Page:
The number of new rental licensing schemes is set to rise sharply

Orla Shields

This year is on track to surpass 2023’s record of 32 new schemes, with 19 selective and additional licensing schemes and consultations taking place within the first four months of the year, according to Kamma.

Already this year, six new licensing schemes have begun in Greenwich, Nottingham, Islington, Warwick, and Luton. London takes the lead with active consultations starting in Haringey, Lambeth, Waltham Forest, and most recently Bexley, all signalling a strong desire to implement  new selective and additional licensing measures across the capital. Luton has been the most recent council to implement new licensing schemes, with both additional and selective measures launching this week.

Some 14 schemes are also set to terminate this year, with a strong likelihood of scheme renewals. The impending Renter’s Reform Bill and calls for landlords to discontinue selective licensing schemes makes it highly probable that councils will push to renew these measures before the passing of the bill.

Newham council recently issued its first ever banning order to a landlord letting out an unlicensed property, emphasising the common trend in councils for stronger enforcement against non-compliant agents and landlords in the face of unprecedented new schemes.

Orla Shields, CEO of Kamma, said: “2024 is a pivotal year for property licensing in the UK. With a record number of new schemes and consultations, the landscape is shifting rapidly. Landlords and agents must be vigilant in ensuring that their properties are licensed.”



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  1. Will2

    This just goes to show how predatory these jack boot councils are. At the risk of losing the opportunity of selective licensing cash cows due to the likely changes that may come about due to the introduction of the Renter Reform Act. So many councils are rushing to introduce licensing scheme to lock in their income. Naturally they will blame the Nasty Landlords. The same way that councils kill off town centres with business rates, parking restrictions and charges etc, it is centred around funding council coffers than necessary licensing. Most responsible Landlords do not need to be licensed. As they say just follow the money to see where this is coming from. Having recently dealt with a Southwark License I was surprised how agressively worded it was. It has caused my tenant of many years to have to pay an increase in rent to cover all their rules, regulations and increased administration. It has increased management time and costs significantly. Had the property had been mortgaged I would have had to sold up and evicted my tenant, a tenant I very much value. The purple political parties (Labour and Conservative) have a Rizla paper between their policies and all the main parties are as bad as one another. Where else would you make a large financial investment to provide housing to let your investment be controlled by a bunch of market illiterate bureaucrats (other than the EU)? Who is the ultimate loser? The poor tenants as costs get passed down the line or landlords abandon the market causing scarcity and rising rents. I wonder what other landlords think about this?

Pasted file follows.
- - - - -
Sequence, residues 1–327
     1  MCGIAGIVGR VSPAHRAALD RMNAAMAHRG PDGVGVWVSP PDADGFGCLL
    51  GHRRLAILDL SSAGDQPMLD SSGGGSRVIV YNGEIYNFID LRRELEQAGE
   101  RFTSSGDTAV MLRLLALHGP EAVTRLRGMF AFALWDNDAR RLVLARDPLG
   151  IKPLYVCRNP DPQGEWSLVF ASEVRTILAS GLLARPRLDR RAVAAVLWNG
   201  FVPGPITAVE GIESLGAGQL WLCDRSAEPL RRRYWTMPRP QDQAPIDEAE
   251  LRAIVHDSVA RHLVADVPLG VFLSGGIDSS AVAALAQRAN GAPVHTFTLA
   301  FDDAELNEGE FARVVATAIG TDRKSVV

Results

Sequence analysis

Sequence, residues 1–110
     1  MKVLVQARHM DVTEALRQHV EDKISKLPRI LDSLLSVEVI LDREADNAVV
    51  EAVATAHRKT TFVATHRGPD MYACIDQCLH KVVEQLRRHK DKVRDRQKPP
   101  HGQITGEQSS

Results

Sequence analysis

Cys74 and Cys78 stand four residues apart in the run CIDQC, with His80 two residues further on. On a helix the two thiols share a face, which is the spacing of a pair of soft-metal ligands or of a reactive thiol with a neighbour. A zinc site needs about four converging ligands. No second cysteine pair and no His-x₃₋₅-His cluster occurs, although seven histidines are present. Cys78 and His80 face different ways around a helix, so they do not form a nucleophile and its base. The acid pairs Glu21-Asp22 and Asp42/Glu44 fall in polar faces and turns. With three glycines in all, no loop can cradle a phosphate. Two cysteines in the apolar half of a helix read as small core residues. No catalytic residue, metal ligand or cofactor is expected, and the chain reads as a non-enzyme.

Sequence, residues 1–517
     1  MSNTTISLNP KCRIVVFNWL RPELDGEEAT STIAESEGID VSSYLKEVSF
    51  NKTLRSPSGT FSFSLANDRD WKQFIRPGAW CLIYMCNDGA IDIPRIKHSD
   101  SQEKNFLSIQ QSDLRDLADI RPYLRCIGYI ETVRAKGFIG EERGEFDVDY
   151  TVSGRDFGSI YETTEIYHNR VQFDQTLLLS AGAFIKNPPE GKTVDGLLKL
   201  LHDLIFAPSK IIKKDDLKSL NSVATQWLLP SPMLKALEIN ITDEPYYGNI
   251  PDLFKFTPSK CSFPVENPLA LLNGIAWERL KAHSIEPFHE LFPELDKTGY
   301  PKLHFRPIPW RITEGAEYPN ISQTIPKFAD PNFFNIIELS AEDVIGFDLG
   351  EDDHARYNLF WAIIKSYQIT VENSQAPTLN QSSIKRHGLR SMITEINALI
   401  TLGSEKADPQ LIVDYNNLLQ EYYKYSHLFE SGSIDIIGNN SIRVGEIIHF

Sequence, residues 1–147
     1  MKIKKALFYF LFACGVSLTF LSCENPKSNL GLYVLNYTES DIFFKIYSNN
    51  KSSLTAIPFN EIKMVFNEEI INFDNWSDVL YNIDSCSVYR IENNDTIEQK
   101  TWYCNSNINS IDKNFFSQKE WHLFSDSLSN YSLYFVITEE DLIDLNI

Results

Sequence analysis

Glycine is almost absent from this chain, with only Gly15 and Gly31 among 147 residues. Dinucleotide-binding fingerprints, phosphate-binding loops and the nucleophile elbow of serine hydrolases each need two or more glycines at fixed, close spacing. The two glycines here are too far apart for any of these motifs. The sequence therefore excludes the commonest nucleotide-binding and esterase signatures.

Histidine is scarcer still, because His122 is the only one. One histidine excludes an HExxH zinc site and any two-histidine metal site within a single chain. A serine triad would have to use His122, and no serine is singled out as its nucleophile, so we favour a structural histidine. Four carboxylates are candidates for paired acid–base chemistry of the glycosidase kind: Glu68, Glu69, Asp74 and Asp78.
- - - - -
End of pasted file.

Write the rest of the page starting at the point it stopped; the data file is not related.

1. MrManyUnits

      Yes seems very odd that councils and mayors are elected to serve the local citizens, but they have become self serving, whilst I do not reside in the UK I was once very proud of my roots sadly I really feel sorry the average working person, nobody answers the phones-reply’s to emails and charges just keep rising.


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